Scatter graphics: Ligue 1, 5 Oct 2016

With the international break upon us I’ve chucked the data from some of the major European leagues into my scatter graphics to see how they’re shaping up so far. It’s still early days but usually some interesting patterns are already beginning to emerge. Each of the three graphics is explained briefly below but there’s a longer explanation here.

Shot dominance

First of all, here is how the number of shots taken by each club compares with those they face in return. The average number of shots taken per match is on the horizontal and the average number faced is on the vertical, so bottom right (take plenty, allow few in return) is good while top left (take few, allow plenty) is bad. The stripes are like contours: the greener the stripe, the better the performance (and vice versa for red).

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This is the first graphic I’ve seen in ages where PSG aren’t the most dominant side. Lyon have taken the most shots by far and it’s unusual to see the likes of Nantes and Angers registering similar numbers.

I was also surprised to see Metz sitting eighth in the table given that they rank worst for both shots taken and faced – the latter by a huge margin. If this is representative of their true performance level then they may not be in the top half for long.

Attacking effectiveness

Now let’s look at attacking alone. The horizontal axis stays the same as in the graphic above, but now the vertical shows the average number of shots needed to score each league goal. Therefore bottom right is good (taking lots of shots and needing fewer efforts to convert) and top left is bad:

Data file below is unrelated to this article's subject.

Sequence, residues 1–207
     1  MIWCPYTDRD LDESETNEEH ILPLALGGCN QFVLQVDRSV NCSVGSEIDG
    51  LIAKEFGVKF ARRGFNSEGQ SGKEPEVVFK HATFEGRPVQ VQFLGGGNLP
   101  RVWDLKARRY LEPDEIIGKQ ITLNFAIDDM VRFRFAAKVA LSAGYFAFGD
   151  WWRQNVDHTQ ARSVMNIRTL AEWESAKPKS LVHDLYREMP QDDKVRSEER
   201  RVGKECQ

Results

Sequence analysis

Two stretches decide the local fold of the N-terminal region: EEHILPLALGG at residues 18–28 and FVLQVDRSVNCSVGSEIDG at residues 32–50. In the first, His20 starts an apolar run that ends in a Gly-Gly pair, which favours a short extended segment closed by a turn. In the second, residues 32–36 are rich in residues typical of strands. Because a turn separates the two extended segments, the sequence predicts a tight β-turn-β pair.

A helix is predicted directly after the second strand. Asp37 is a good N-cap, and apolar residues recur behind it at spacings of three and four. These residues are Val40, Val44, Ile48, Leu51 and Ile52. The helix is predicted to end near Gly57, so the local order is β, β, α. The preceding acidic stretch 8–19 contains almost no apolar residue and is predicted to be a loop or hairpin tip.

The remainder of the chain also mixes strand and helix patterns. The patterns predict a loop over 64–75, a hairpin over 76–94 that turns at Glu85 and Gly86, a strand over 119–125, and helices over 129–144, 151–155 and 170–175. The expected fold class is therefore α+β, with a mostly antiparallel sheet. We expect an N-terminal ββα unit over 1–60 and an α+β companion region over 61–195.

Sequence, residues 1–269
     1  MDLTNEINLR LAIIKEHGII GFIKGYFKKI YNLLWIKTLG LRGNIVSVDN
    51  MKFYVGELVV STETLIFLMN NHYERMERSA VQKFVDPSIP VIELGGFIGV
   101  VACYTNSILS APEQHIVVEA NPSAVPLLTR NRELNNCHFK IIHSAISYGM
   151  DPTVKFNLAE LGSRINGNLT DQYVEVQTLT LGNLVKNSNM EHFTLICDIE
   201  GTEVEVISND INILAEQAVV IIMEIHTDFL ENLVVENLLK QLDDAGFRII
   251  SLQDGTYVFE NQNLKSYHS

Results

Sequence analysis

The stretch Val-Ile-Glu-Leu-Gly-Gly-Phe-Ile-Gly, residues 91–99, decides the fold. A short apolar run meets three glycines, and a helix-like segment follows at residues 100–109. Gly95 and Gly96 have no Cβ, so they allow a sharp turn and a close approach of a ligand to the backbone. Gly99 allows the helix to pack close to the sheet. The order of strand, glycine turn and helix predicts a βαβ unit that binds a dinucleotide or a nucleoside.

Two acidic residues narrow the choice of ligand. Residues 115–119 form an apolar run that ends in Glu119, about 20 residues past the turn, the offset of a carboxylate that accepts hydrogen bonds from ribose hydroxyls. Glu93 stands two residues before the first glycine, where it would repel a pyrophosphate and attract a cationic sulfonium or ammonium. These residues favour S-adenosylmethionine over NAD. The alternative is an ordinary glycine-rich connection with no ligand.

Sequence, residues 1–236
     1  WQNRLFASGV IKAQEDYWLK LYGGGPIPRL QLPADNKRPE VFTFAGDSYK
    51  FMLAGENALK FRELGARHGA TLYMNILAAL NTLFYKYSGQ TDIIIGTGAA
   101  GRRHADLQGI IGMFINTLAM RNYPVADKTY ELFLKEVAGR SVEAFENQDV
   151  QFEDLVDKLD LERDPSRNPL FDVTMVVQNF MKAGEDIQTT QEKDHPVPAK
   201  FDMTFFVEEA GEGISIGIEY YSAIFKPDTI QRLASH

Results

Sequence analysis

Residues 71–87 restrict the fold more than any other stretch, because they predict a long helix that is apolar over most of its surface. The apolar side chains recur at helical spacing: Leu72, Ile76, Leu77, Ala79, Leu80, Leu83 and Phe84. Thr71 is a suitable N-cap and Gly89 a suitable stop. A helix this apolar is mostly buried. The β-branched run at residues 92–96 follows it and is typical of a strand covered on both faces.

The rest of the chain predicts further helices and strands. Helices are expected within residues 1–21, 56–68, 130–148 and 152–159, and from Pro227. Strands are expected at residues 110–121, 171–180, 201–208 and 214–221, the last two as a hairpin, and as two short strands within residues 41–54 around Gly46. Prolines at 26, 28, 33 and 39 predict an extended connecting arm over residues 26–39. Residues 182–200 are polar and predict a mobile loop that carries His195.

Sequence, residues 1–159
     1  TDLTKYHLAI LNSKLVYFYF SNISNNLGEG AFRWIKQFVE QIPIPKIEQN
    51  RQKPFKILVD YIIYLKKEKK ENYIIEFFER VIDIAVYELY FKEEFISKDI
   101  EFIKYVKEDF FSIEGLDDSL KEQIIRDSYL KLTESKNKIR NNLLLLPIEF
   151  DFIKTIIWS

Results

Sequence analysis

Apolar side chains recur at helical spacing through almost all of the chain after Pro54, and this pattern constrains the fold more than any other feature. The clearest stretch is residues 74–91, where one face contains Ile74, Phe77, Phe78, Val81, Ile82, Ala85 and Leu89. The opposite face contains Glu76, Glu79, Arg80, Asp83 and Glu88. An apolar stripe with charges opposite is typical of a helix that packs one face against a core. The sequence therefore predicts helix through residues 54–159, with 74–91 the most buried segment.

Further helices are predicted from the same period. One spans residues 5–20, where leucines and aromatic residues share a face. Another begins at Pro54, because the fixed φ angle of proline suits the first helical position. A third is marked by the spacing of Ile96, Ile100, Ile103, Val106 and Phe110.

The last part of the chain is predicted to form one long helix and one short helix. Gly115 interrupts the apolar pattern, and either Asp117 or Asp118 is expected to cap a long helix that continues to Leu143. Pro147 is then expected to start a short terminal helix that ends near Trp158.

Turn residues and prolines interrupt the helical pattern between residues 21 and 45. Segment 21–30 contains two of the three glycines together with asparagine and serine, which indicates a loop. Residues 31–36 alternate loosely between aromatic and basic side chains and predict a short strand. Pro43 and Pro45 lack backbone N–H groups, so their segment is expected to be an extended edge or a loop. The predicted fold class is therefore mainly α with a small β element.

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While Angers and Nantes can match PSG for quantity of shots taken, this doesn’t seem to apply to the quality of finishing. Angers are the fourth most wasteful finishers but have still converted their chances almost twice as readily as Nantes, who along with Nancy have had obscenely bad luck in front of goal so far.

The sharpest attack so far is that of Monaco, although this has surely been boosted by their 7-0 hammering of Metz.

Defensive effectiveness

Next let’s look at the defensive situation – basically take the above chart and replace the word “taken” for “faced” on both axes. Now top left is good – facing fewer shots and able to soak up more per goal conceded – and bottom right is bad:

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Nice have allowed more attempts at their goal than anyone except Metz but been incredibly effective at repelling them. While almost 16 shots per game have flown towards their goal, it’s taken over 25 efforts to breach them on average so far.

The opposite can be said of Lille, who have permitted opponents fewer chances than anyone else but have also seen the highest percentage of shots end up in the back of their net.